Theses and Dissertations

Date of Award


Document Type


Degree Name

Doctor of Education (EdD)


Abraham S. Fischler College of Education and School of Criminal Justice


Steven Hecht

Committee Member

Dana Mills

Committee Member

Kimberly Durham


Big-Fish-Little-Pond effect, Dimensional Comparison Theory, math self-concept, multilevel modeling, science self-concept, TIMSS 2019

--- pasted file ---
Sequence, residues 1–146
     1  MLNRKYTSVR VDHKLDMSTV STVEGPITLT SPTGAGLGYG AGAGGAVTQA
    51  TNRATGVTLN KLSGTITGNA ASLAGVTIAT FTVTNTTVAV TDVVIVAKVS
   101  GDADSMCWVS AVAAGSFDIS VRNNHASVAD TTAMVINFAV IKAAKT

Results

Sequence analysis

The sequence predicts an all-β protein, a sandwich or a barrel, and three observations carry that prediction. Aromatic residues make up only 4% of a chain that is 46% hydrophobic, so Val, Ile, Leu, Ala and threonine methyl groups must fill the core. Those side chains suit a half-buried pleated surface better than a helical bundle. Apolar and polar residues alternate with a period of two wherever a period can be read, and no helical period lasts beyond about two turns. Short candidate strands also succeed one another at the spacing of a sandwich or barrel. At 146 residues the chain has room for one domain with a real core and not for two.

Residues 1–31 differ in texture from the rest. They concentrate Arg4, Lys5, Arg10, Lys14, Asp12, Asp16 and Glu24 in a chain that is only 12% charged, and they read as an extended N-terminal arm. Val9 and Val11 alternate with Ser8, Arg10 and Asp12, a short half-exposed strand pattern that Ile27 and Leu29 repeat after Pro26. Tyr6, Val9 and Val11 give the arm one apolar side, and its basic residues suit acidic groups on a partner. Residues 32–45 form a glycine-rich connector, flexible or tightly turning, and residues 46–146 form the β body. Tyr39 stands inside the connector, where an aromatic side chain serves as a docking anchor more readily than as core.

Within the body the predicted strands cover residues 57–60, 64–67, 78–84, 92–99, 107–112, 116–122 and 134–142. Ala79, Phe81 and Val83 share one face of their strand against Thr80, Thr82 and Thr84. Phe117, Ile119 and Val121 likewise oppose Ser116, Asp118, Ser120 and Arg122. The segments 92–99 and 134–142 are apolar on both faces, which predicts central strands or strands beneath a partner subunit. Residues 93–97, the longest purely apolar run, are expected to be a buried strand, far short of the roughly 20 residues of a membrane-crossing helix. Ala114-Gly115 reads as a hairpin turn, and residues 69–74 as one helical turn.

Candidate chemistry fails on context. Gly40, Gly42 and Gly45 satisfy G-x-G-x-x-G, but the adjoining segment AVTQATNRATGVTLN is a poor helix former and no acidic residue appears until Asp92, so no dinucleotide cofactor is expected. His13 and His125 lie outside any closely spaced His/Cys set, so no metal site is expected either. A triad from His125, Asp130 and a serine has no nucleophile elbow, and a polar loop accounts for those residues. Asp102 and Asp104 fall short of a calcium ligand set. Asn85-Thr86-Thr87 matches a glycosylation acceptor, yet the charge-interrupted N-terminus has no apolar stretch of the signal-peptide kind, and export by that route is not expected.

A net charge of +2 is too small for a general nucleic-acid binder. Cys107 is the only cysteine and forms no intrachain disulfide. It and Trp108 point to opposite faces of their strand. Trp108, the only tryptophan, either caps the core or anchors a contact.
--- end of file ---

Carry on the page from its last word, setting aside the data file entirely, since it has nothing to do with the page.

Self-concept is an important construct across a variety of disciplines as a facilitator of a full range of human potential. Big Fish Little Pond Effect (BFLPE) results have confirmed global generalizability for the negative effects of school- and country- averaged achievement on students’ academic self-concept based on social comparisons with implications that generally discredit ability grouping, streaming or tracking. However, few studies have identified variables that ameliorate the negative effects of BFLPE. Accordingly, this study applied hierarchical linear modeling (HLM) in HLM 8.2 software to examine the effects of student, school, and country-level moderators of both school- and country-level BFLPE for STEM subjects. As a secondary analysis of TIMSS 2019 international, large-scale assessment results in math and science for a sample of 169,810 eight grade students in 5,410 school in 26 countries, these results revealed specific affective, cognitive, environmental, and financial factors that diminished and reversed the negative effects of school-and country-level BFLPE. Results also extended Marsh (2020) BFLPE-CE model and offer a standardized framework by which students can be more compatibly grouped, streamed or tracked. Furthermore, implications of these results for educational psychology suggest a hierarchical structure of the social comparison process whereby individuals have the greatest overall impact on their perceptions, but macro-level, unconscious cultural preprogramming is the overarching influence through which perceptions are filtered.